Let’s face it, profit margins are tight and there’s a limited amount of funds that customers designate for purchasing. It is only logical that you direct both marketing efforts and special deals to those customers who will yield the greatest return. Differentiation means that you abandon the Herculean task of trying to be all things to all people in favor of being some very specific things to certain people. Many Guerrilla salespeople and entrepreneurs have applied this technique and increased profits.

Differentiated marketing Read more


How High Gas Prices Can Improve Customer Retention

May 29, 2008 · Filed Under Client Retention · Comment 

Here in Southern California gasoline now costs $4.25+ a gallon. Diesel fuel is over $5.00. I haven’t made any quick trips to pick up any little somethings for the last month. How about you? The recent dramatic decline in driving is making national news. Here’s an idea to earn undying customer loyalty:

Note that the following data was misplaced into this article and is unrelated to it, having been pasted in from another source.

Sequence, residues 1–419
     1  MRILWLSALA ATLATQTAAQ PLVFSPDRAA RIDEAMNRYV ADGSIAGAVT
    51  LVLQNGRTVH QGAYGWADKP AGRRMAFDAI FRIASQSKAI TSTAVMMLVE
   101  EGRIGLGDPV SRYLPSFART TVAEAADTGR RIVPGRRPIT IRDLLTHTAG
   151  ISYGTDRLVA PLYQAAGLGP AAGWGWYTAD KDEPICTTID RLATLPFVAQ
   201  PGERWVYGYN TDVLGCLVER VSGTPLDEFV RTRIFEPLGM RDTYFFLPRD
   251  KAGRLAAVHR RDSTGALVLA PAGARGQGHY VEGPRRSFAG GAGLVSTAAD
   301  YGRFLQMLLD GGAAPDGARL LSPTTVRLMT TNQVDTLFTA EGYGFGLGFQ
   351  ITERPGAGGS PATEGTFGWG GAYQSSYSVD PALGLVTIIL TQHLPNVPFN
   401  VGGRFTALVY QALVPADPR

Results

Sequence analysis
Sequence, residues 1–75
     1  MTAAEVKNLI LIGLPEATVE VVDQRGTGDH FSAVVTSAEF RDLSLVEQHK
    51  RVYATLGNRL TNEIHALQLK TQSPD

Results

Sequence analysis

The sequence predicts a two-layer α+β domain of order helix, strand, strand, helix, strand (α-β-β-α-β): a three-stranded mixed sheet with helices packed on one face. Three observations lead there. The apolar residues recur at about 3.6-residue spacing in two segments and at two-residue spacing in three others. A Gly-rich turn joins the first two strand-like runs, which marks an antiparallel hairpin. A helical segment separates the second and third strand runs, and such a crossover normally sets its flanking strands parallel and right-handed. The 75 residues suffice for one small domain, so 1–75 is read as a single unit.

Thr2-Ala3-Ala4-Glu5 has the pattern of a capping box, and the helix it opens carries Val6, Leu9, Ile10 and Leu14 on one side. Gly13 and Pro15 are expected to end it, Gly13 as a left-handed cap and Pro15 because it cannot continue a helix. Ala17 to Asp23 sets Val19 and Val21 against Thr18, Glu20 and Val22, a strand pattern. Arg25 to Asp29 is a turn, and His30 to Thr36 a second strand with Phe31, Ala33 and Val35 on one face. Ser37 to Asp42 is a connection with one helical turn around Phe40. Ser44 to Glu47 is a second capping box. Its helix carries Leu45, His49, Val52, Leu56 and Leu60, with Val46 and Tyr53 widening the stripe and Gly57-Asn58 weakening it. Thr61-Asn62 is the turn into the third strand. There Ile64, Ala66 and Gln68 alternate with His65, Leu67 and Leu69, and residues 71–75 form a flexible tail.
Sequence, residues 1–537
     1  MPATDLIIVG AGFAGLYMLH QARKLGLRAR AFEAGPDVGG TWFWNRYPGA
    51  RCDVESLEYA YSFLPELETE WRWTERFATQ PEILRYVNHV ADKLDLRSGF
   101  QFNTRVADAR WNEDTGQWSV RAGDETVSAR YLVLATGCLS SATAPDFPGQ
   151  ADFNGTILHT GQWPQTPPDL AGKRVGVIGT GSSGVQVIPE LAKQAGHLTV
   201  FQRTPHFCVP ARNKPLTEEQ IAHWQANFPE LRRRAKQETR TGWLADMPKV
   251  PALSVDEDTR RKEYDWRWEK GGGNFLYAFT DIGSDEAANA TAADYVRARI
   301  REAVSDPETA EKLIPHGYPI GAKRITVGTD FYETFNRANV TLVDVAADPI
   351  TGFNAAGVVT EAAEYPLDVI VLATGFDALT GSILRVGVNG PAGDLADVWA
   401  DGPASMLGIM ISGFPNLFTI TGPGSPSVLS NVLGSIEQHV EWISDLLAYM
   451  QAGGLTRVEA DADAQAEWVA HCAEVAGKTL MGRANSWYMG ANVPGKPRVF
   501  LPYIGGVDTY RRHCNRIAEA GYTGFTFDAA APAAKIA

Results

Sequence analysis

Does your business offer pick up and/or delivery service? Do you offer in-home or in-office service? If you don’t, could you? Many people would quite likely use the service. If they knew about it. Make it easier for your clients to get what you’ve got.

Email is the fastest and cheapest way of telling your clients when you begin offering a new service or product, or if you are discontinuing one. A quick note to everyone on your list can be done in as much time as it takes to write it. No printing, no 2-day delivery time, no postage. It’s simply done. And you can move on to the next big thing.

I specialize in creating customized marketing solutions for small business. Contact me at georgann at catchphrasemarketing dot com, or call me at 888-494-8445 to discuss how you can get more clients and increase profitability without increasing marketing expenses. Yes, you really CAN have it all!

Also, you can go to www.catchphrasemarketing.com to get even more information on the benefits of using email marketing in your business